Bistronomy in Paris: a diner at Le café qui parle

Some years ago, something terrible happened in Paris: every restaurant owner decided Fooding, the concept invented by journalists Alexandre Cammas and Emanuel Rubin to express the liberation from conventional gastronomie and embrace a creative world inspired fun food experience, was in. This gave birth to the tasteless, pseudo trendy places that the Costes Brothers were so good at setting up. It all started with Hotel Costes and then Parisian streets were invaded by lame lounge-like bar-restaurant-night clubs.

The best you could get in these places were shrimp avocado cocktails, basil spring rolls and seared cod on wasabi cream, and of course, in the background, beautifully manufactured tall blond girls taking sips from a glass of champagne, eyeing open shirt fully shaved tall brokers (real estate or finance, your choice) at the bar.

A few years later, bored to hell with the food, restaurant owners embraced a new trend: earthy traditional local meals. suddenly, you could find a Boeuf Bourguignon at Le derrière (Momo’s Paris joint, just behind Andy Wahloo) or a Mac&Cheese at La fidélité (Trendy Brasserie created by the famous graffiti artist André who also owns Le Baron night club, and the excellent Hotel Amour).

On a personal level, I’d take a good stew over a tasteless pseudo fusion salad any day of the week. However, after a few years of Souris d’agneau and Oeuf en Meurette, the consequence of this trend was the lack of creativity of chefs. You always ended up eating the same thing, got stuffed, and your stomach ached after each meal.

Ultimately came the new trend of Bistronomy! In a nutshell: creative quality food in a Bistrot at a fair price. If you ask me it’s the best idea since the invention of Nouvelle Cuisine in the 70’s! You get everything : the casualness and fun ambiance of a Café or a Bistrot along with a short, imaginative and highly qualitative menu.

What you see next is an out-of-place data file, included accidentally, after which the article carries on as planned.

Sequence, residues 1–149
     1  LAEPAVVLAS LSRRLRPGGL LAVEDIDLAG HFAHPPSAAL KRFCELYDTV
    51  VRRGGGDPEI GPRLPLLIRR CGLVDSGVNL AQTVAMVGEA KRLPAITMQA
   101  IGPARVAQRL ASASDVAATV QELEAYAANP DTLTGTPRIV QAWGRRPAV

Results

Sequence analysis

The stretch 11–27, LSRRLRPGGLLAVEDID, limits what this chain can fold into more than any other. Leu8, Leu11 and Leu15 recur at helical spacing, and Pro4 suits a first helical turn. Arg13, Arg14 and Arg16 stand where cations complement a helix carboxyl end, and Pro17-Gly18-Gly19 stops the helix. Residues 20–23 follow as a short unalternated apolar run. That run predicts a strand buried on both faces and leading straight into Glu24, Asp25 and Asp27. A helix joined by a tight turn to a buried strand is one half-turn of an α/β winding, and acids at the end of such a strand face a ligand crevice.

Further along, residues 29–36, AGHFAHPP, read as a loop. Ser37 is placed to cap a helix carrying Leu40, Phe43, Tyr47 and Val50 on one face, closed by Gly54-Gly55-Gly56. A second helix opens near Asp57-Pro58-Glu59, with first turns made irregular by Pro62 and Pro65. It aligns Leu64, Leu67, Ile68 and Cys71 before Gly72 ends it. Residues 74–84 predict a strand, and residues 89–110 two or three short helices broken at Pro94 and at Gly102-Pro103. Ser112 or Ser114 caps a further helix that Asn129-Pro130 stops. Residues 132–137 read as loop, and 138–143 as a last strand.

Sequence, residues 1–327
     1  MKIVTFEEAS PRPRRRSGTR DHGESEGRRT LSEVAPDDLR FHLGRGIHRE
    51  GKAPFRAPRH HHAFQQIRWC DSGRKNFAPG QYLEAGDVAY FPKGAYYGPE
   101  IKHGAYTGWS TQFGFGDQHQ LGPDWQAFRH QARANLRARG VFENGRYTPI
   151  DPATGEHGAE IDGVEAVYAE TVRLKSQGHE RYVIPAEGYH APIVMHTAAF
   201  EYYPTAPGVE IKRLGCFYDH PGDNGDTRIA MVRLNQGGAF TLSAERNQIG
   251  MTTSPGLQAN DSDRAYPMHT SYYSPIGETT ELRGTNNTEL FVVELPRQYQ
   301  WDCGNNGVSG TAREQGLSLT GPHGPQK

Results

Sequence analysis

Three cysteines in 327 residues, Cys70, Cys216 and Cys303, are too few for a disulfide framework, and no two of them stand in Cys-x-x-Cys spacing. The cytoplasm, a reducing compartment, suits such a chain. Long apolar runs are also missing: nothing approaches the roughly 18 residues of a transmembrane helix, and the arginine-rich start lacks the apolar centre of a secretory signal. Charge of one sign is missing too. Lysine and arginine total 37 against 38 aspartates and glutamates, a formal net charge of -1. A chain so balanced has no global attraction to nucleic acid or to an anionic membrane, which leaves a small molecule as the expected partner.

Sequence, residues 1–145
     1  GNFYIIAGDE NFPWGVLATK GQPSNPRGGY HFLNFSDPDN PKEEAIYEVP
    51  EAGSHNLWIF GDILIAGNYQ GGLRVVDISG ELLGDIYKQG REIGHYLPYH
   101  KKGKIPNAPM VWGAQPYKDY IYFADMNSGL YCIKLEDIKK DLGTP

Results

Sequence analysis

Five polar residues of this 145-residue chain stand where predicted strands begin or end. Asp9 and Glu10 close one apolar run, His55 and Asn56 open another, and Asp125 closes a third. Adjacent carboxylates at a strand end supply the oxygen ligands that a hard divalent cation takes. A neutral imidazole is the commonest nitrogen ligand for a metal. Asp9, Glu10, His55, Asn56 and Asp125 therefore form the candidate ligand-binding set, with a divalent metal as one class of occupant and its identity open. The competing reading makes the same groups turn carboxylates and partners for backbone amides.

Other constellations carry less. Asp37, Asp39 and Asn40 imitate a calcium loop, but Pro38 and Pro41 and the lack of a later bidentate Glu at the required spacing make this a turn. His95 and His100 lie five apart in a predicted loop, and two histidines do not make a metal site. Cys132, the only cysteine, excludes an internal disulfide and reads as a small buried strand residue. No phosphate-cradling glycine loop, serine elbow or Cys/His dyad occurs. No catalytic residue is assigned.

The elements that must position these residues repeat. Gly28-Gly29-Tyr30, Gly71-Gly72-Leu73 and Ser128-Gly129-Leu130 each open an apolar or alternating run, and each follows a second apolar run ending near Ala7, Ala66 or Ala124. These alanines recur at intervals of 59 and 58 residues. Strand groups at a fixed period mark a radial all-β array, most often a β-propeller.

From Belleville to the 18th arrondissement of Paris, through Bastille, Republique, you can walk by small unnoticeable places that look like regular cafés or snacks but are in fact Temples of this new “garage” cuisine.

Below is one of our favorite:

Le Café Qui Parle :

Le Café qui Parle is located just in front of Le Pain qui parle, the boulangerie that gave it its name. Indeed, one says that the fresh bread,  just out of the oven, talks (when the bread crust cracks).

The new owners made it a very cosy, casual place with a very interresting and creative menu:


Starters :

1/ Spanish grilled  mussels with the best iberic ham

2/ St Marcellin cheese and dry figs crumble

3/ “Petits gris” Hot Dog (Yes Petits gris are snails but this one is just delicious !)

4/ Creamy Celery Remoulade with Stone Crab and Apple Foam

5/ Home Smoked Eel with Beetroot Bortch (Polish soup) and Wasabi (écume de Wasabi in french)


Entrées :

1/ King Organic Prawns served with pomegranate and coriander risotto

2/ Roasted Rach of Lamb  with stewed sweetbread orange and aubergine (les ris en fricassée d’aubergine  “malataise”)

3/ Grilled Rib Eye on bone marrow and a buttery mushroom cake (beautiful and delicious, but my photo was not clear enough)

4/ Crispy Pig Cheek served with pig trotter and carrots (Joues de Cochon croustillantes, pédicure  au jus de carotte d’antan, Amazing!

We had a fine Morgon wine to drink and deserts were imaginative and very good.

We had a great time, food was delicious and the bill was extremely reasonable so I’m urging anyone visiting Paris in the next month to get a reservation at this nice Bistro.

Bortch de Crapaudine à l'anguille fumée, écume de wasabi
Joue de Cochon croustillant, pedicure au jus de carotte d'antan
Soupe d'Agrume façon americano
Ganache au Chocolat

Restaurant info:

For reservation: +33 (0) 1 46 06 06 88

Location: 24 Rue Caulaincourt, 75018 Paris

Website: www.lecafequiparle.com/

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